judicial definition

  • adjective:
    • Law Of, relating to, or appropriate to process of law of law or to the administration of justice: the judicial system.
    • Law Decreed by or proceeding from a court of justice: a judicial choice.
    • Law Belonging or appropriate to the company of a judge: in judicial robes.
    • described as or articulating wisdom: the judicial purpose of a literary critic.
    • Proceeding from a divine wisdom.
    • Of or regarding a court of legislation, or even the administration of justice.
    • Pertaining or appropriate to process of law of justice, or even a judge; practiced or conformed to inside management of justice; sanctioned or ordered by a court
    • Fitted or apt for judging or deciding.
    • Belonging to the judiciary, as distinguished from legislative, administrative, or professional. See Executive.
    • Judicious.
    • revealing mindful wisdom
    • decreed by or proceeding from a court of justice
    • concerning the management of justice or even the purpose of a judge
    • belonging or appropriate toward workplace of a judge
  • noun:
    • That part of government which is in charge of keeping the courts of law and for the management of justice.
  • others:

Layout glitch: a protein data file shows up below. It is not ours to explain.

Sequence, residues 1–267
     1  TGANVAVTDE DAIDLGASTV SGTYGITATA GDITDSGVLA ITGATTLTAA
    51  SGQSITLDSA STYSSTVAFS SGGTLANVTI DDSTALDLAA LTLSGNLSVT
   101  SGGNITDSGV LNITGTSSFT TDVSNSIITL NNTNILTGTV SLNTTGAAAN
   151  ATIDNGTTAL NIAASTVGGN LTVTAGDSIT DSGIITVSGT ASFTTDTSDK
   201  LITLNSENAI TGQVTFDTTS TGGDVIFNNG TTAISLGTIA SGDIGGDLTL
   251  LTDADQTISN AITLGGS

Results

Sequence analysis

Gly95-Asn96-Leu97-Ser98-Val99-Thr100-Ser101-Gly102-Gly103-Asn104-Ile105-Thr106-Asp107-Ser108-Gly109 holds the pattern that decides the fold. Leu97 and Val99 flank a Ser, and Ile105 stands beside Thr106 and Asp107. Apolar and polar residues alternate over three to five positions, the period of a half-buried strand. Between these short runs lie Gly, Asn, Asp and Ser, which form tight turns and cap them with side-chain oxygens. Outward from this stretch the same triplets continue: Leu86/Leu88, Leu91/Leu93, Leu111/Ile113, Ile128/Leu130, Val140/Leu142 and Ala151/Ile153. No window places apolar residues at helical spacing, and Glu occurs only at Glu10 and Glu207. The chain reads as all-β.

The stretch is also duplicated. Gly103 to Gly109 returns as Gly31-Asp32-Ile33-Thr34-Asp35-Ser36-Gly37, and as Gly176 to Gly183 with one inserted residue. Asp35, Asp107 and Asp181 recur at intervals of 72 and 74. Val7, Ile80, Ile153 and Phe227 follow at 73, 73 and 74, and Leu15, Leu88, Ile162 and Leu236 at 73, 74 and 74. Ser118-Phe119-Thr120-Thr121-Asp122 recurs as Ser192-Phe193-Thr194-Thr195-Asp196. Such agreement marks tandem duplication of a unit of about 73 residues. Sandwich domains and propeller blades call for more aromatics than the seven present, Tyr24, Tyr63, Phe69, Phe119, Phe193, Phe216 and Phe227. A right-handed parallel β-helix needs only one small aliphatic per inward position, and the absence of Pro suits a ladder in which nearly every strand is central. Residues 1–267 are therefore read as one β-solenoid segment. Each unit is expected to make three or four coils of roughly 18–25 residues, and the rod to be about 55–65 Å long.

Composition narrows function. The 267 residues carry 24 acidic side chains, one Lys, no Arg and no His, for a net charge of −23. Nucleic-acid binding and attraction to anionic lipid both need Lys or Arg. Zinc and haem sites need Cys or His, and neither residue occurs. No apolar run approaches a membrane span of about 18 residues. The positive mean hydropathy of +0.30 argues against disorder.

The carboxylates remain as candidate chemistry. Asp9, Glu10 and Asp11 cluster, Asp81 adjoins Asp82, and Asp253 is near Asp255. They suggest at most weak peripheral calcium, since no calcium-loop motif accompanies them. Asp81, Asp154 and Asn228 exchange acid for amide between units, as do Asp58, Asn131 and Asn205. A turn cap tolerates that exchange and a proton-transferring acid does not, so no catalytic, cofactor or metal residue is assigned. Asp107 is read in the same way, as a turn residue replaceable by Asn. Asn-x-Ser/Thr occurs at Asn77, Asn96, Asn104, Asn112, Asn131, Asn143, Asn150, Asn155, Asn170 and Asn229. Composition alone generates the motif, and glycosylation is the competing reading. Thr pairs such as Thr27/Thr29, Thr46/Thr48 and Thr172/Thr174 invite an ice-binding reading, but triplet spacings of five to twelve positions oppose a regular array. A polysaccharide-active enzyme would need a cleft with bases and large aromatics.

• Of or related to a judge; correct on character of a judge; judge-like; therefore, critical; discriminating; impartial; formerly, judicious.
    • related to the management of justice; appropriate to a court of legislation; composed of or caused by legal inquiry or wisdom: as, judicial power or proceedings; a judicial decision, writ, purchase, or punishment.
    • Enacted by statute, or founded by constituted authority.
    • Determinative; providing view; determining, as about a spot in contest or around future occasions: as, judicial astrology.
    • Having the nature of a judgment or punishment.
    • An act of every public officer relating to the exercise of their Judgment or discernment on a concern influencing the best of every party. Hence, the work of this financial officer of a municipality in auditing a claim is normally judicial, but his spending a lawful warrant or order for repayment is ministerial. (See ministerial.) A judicial work suggests deliberation, and for that reason, if become done by several jointly, those who are to do it must be together (or under modern-day statutes a majority after notice to any or all); while a ministerial act may normally, unless usually needed for legal reasons, function as the concurrent act of each and every independently.
    • the ability conferred upon and exercised by the judiciary or a court therefore.
    • A power conferred upon a public officer concerning the workout of judgment and discretion into the dedication of concerns of right in particular instances impacting the passions of persons or property, as distinguished from ministerial power, or authority to handle the mandates of judicial energy or regarding the legislation.

Related Sources

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    • 1) becoming proper to a judge.…
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